Saturday, January 5, 2013

"Textured Layering"


"Textured layering with transparency creates depth." Technically speaking, all art is layering, but there is something about transparency that gives it more depth and more mystery.

This, of course, is another mixed media piece. Yesterday, I went into detail about the basic steps of how this particular process was created. Today I would like to touch on the particular techniques that create transparency. 

The most obvious transparency has to do with the materials. Rice paper is a wonderful paper because it was made for printing techniques and it has a wonderful translucence that can turn into transparency by gently rubbing over the surface, especially if it has just been glued to the support. There is just enough moisture in the top surface to "pill" off as you gently rub it with your fingers. 

The silk tissue paper (gampi) is also a beautiful material because it is totally transparent as you can see in the line engraved print of the leaves. Unusual color notes can be achieved by placing mono printed rice paper over the background, followed by the printed tissue paper.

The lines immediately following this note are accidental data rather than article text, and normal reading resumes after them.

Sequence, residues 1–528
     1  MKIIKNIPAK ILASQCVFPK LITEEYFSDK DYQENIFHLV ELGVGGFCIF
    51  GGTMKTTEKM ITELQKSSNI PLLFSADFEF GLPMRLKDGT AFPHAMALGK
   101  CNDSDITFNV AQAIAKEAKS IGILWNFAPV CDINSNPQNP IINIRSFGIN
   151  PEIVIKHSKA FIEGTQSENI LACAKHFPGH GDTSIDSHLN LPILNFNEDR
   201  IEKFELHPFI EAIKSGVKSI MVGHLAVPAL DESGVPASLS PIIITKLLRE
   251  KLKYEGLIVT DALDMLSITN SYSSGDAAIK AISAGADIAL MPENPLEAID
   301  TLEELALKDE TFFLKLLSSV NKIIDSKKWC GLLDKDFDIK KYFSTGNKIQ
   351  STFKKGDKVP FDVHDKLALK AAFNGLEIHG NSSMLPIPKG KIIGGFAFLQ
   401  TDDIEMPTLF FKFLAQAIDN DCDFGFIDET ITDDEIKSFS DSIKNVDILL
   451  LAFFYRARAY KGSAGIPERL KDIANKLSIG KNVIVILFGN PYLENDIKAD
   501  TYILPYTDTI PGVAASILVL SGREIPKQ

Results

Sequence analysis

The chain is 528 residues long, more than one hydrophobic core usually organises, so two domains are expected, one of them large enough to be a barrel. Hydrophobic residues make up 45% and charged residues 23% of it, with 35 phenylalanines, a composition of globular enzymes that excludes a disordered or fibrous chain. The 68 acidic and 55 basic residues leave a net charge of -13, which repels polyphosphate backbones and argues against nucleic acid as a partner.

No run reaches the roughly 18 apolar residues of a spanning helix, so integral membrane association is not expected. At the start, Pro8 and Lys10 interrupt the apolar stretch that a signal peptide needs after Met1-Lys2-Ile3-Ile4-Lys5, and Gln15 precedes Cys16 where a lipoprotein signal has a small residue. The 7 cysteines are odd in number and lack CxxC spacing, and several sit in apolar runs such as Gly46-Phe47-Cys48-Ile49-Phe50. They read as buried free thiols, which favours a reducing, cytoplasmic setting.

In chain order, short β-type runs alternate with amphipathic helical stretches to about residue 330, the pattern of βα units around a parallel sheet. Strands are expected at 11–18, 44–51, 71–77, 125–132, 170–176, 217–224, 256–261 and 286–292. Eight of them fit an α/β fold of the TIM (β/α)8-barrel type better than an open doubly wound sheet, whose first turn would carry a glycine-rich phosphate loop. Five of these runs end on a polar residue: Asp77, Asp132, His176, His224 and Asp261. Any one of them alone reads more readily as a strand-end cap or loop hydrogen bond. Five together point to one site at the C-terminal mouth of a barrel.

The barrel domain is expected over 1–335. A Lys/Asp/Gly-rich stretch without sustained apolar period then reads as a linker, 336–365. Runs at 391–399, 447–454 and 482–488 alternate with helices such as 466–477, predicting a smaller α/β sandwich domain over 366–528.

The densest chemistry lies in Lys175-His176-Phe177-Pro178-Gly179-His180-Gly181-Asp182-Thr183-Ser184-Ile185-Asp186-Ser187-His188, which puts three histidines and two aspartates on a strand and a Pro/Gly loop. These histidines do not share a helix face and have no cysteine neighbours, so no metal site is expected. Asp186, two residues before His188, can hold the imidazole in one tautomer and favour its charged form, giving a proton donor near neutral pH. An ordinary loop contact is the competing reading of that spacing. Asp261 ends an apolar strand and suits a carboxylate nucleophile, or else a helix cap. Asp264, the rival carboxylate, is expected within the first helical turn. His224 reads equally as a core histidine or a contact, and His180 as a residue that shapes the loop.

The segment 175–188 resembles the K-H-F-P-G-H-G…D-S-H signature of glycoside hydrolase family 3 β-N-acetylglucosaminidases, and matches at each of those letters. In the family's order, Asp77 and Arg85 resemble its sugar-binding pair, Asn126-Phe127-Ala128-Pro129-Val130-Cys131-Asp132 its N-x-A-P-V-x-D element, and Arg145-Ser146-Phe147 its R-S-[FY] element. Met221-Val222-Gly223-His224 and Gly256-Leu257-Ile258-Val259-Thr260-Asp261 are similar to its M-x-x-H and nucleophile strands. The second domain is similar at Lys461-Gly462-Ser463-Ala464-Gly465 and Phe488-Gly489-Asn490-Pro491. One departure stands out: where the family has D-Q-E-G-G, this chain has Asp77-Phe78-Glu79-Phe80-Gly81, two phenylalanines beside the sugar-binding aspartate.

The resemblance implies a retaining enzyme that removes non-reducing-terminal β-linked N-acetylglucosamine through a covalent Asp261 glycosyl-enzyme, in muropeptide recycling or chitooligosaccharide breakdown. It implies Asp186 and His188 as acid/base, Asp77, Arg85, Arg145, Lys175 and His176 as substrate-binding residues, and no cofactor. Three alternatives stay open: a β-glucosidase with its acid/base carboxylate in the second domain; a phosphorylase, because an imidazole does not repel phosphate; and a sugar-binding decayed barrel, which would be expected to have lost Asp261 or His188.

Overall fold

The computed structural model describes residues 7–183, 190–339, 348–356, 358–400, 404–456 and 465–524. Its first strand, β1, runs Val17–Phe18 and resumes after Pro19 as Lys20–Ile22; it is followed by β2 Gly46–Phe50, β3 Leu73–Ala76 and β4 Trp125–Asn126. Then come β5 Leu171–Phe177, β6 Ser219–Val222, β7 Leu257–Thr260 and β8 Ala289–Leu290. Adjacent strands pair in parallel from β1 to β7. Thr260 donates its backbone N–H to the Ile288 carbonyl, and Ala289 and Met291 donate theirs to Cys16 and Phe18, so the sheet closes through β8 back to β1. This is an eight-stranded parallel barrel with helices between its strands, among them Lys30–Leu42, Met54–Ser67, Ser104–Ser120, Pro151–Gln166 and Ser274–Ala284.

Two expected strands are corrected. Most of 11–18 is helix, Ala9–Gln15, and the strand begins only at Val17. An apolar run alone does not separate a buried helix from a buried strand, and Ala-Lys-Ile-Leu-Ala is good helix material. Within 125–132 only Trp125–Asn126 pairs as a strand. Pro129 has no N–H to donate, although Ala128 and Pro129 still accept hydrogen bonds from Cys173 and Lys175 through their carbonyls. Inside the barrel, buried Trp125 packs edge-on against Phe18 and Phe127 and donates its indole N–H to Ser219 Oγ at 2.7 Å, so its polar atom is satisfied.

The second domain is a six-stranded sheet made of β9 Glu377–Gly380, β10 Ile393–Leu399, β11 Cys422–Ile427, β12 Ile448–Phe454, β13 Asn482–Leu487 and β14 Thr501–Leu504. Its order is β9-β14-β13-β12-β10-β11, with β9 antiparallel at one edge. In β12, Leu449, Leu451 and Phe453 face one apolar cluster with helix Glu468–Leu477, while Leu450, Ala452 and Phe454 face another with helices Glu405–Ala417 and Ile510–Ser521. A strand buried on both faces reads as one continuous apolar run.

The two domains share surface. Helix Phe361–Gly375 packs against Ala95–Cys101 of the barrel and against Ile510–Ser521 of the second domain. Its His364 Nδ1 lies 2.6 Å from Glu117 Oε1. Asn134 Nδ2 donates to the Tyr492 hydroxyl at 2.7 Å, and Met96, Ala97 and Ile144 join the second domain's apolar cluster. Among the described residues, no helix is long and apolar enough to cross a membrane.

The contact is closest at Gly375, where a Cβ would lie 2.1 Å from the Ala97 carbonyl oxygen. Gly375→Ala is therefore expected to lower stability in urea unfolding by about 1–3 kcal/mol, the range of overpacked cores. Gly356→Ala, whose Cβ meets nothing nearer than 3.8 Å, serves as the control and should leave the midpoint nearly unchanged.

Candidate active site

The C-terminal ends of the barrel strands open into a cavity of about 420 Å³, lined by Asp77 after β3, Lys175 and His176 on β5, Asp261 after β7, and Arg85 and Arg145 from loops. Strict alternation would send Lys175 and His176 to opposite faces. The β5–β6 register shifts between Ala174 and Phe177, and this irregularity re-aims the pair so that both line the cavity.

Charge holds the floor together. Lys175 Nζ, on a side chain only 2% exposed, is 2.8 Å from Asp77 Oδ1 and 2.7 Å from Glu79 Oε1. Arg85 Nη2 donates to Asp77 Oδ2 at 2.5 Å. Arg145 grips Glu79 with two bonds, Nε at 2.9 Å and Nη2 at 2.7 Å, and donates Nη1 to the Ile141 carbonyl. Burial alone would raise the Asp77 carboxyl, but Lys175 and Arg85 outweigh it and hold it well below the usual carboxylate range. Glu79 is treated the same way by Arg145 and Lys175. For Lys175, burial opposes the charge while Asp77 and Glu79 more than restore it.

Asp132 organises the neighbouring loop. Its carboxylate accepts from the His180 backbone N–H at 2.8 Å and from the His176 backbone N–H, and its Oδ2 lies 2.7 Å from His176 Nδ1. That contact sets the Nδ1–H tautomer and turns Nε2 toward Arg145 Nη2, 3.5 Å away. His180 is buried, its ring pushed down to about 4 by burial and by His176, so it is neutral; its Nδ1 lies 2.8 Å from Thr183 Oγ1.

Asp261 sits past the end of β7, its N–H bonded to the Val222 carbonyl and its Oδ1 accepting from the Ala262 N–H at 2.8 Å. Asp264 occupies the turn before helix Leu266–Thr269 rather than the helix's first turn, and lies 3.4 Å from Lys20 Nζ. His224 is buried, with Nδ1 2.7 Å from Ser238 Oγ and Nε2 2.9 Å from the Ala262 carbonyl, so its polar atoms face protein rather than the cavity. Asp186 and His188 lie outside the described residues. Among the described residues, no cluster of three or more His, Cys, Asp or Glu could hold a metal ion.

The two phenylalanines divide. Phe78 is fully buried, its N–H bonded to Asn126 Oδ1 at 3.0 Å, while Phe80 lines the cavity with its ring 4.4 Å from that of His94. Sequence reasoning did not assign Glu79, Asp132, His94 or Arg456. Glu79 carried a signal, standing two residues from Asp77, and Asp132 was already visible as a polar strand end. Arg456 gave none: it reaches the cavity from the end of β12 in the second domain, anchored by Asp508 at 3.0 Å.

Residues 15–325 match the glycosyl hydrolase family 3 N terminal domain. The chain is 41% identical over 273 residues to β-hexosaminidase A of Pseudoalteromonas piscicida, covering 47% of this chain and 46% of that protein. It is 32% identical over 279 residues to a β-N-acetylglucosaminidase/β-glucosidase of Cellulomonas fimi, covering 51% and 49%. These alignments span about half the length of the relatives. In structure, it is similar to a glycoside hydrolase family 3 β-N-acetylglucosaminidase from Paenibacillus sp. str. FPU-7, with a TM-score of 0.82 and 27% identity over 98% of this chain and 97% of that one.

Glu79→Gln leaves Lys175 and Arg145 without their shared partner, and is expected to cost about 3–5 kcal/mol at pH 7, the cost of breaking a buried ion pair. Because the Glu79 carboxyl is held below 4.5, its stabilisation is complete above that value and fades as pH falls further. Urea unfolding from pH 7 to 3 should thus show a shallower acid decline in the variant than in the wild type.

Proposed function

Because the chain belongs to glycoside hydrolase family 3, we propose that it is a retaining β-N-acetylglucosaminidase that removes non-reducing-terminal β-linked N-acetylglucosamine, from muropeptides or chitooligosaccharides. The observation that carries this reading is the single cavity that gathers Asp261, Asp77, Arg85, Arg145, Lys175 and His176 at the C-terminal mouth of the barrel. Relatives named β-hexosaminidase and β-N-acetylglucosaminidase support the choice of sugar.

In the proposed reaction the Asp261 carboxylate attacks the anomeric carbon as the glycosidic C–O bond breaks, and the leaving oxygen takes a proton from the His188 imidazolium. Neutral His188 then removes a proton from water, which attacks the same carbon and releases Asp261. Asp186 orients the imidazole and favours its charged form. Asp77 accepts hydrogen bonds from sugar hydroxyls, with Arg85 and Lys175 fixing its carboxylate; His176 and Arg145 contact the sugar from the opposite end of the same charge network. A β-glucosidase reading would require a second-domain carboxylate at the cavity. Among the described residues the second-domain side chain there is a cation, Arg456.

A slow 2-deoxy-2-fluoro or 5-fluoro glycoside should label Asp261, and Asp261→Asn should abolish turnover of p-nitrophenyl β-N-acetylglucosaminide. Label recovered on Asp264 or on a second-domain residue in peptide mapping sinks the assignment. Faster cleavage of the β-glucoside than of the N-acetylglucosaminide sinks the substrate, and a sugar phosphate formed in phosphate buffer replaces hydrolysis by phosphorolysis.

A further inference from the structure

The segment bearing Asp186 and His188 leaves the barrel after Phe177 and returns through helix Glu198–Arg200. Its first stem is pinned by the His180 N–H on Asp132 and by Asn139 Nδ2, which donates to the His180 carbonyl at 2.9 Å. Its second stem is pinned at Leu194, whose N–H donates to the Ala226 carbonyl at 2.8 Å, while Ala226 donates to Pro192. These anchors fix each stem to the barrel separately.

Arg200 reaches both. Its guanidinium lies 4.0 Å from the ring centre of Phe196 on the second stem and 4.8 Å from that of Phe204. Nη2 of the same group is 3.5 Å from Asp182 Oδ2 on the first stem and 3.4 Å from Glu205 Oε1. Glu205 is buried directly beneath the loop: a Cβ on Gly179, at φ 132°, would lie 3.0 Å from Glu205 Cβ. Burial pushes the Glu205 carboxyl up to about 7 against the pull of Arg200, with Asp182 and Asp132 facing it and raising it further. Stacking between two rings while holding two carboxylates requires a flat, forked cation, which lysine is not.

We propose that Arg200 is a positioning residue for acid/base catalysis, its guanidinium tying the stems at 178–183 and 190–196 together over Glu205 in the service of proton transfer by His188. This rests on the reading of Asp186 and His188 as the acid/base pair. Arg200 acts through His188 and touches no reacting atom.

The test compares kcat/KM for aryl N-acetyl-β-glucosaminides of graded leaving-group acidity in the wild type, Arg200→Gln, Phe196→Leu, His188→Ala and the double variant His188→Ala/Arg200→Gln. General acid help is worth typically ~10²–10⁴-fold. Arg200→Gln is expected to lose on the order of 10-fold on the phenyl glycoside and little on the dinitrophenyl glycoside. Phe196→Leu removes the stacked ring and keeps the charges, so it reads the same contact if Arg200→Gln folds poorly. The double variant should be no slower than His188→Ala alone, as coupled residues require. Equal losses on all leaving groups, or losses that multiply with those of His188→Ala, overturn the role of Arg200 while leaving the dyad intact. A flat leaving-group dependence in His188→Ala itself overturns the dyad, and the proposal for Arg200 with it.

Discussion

Deconstruction is also a way of achieving transparency by brushing gel matte medium over an old text page or a mono printed rice paper and then placing it over a section of the piece. Letting it sit for a minute or two and then removing the paper will leave behind an imprint of either the color or the text. It can be taken a step further by also rubbing over the deconstructed text and removing even more of the paper to create the transparency seen in the leaves and in the green color notes at the bottom.

This is a richly textured surface and even more can be achieved by working larger and introducing a more varied range of mono printed papers. It's extremely addictive, but I heartily recommend it as a way of show casing your personal drawings by printing them on silk tissue paper and including them in this type of mixed media setting. And there you have it...just a few more things to think about.

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